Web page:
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Thursday, April 17, 2014 | Last updated: 12:35pm

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For law enforcement applicants, Facebook should be part of the interview process



Nearly a year ago, Justin Bassett was asked for his Facebook username and password during a job interview, provoking an outrage at the violation of privacy.

California and Illinois have since enacted laws against this practice, while many other states are in the process of joining them.

However, the state of Virginia has not any such passed a law, possibly because of the Virgina State Police’s hiring practices.

VSP currently uses a process where “the applicant investigator is asked … to log on to those sites for the background investigator to review. VSP does not ask for the applicant’s passwords.” This is to guard against the hiring of individuals who have made prejudiced or bigoted remarks on their social media accounts.

VSP’s official statement regarding its hiring process reads that the social media component became a part of the background investigation on Jan. 1, 2012, and VSP says that no one has ever refused to show their social media accounts to investigators.

When filling positions involving public safety, there is a credible motive for this practice.

In 2010, Robert Collins was returning to his position as a security guard at the Maryland Department of Public Safety and Correctional Services. During a reinstatement interview, he, too, was asked for his username and password for a social media site. The stated purpose was to ensure that Collins had no gang affiliations.

Another uproar followed and the department changed to methods similar to those used by VSP.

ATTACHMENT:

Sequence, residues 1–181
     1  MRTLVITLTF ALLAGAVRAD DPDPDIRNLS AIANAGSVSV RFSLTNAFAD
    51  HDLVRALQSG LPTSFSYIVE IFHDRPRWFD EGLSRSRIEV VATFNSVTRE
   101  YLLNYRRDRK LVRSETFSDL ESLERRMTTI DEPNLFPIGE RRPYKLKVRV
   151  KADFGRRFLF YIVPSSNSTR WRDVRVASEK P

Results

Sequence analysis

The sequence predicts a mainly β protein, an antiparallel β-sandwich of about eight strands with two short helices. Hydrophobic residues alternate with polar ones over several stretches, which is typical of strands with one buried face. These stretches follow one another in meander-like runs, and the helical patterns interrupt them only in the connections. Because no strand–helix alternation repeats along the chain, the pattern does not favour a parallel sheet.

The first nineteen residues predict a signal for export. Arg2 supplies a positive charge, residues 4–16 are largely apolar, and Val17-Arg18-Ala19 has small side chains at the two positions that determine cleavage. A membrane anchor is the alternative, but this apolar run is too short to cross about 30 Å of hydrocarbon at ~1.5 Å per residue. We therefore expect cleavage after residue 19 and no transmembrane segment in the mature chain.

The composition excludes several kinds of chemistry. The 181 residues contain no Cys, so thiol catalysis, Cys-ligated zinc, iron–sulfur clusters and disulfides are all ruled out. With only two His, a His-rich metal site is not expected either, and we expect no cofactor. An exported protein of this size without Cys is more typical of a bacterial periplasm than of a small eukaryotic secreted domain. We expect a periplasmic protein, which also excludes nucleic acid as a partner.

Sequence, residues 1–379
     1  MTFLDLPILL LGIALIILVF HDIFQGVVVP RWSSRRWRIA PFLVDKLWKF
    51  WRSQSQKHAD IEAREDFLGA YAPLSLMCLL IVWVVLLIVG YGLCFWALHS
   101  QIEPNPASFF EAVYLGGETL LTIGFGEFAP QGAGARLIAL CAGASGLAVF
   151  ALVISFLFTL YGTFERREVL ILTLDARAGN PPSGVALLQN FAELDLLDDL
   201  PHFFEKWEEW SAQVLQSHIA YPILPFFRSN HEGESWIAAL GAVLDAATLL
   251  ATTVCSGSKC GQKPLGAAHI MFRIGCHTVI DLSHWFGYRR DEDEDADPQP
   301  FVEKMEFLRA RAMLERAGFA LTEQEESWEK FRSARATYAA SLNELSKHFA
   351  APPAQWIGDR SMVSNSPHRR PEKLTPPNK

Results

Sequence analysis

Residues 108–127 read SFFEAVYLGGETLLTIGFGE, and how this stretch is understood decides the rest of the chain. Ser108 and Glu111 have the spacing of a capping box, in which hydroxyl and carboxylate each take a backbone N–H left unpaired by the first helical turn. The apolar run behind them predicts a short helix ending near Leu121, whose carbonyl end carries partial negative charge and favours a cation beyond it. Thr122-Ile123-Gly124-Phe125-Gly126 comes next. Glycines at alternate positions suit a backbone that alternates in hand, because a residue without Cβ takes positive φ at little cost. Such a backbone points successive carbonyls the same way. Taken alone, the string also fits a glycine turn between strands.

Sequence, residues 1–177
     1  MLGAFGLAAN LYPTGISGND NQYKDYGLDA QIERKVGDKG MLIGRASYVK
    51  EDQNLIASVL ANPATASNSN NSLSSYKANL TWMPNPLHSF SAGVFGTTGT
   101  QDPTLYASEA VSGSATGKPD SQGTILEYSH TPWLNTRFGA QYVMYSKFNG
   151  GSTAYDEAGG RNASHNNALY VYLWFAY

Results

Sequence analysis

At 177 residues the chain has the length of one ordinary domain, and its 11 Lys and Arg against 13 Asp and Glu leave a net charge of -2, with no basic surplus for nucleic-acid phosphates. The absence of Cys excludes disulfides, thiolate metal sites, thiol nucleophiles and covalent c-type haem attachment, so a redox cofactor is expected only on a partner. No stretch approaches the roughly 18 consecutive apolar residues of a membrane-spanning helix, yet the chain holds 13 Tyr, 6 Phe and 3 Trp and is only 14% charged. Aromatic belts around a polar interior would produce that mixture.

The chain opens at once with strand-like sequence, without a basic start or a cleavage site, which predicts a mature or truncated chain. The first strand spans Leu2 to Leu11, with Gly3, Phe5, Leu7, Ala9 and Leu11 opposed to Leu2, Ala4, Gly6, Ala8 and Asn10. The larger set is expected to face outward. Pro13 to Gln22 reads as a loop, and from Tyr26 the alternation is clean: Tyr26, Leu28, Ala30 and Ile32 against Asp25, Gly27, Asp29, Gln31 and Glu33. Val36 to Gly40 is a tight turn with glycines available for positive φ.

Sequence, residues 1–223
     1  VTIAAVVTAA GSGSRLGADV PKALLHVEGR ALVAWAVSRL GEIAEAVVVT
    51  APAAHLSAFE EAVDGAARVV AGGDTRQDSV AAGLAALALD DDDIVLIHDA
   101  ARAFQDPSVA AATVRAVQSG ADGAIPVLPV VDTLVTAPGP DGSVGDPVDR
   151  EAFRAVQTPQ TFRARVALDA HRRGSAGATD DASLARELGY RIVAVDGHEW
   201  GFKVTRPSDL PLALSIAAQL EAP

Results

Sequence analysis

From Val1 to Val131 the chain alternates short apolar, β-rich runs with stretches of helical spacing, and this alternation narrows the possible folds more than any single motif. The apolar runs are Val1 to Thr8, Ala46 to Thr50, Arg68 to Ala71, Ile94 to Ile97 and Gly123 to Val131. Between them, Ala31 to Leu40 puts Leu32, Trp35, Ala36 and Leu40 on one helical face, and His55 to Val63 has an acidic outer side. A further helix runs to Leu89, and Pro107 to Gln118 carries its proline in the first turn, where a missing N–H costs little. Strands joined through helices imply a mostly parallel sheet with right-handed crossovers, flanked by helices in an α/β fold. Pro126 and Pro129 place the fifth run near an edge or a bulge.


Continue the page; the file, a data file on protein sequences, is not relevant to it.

Responding to the modification, Collins said, “To me, that’s still invasive. I can appreciate the desire to learn more about the applicant, but it’s still a violation of people’s personal privacy.”

Interviewers are not allowed to ask questions regarding applicants’ sexuality or faith, but it would be easy to find this information in the screening process if interviewers access an applicant’s social media accounts, which could affect the interviewer’s decision.

However, the methods of the VSP or the Maryland Department of Public Safety and Correctional Services are both necessary and reasonable. The interviewers do not know your password, so they cannot log back on after the interview process is over. And frankly, if you wouldn’t want your employer to see something on your social media accounts, you shouldn’t post it publicly in the first place.

We can all go through the hassle of showing our accounts to an interviewer if it prevents biased or dangerous individuals from being hired for a job that requires them to protect and serve. This method makes background investigations all the more thorough because social media sites reflect our daily lives and who we are as people. Reviewing these sites will ensure the safety of civilians.

A poll conducted by the New York Times indicated that 80 percent of black New York residents believe that the police department “favors whites over blacks,” and 48 percent of white residents agree. With the recent events involving Christopher Dorner, the former Los Angeles Police Department officer responsible for a series of attacks on police officers and their families, it has become clear that who we allow to fill these positions is a matter of the greatest importance.

The last thing we want is for dangerous or prejudiced individuals to be hired because we’re paranoid about someone sifting through our Facebook wall for a couple of minutes.

— Kimberlie Wang is a physiology freshman. She can be reached at letters@wildcat.arizona.edu, or on twitter via @WildcatOpinions


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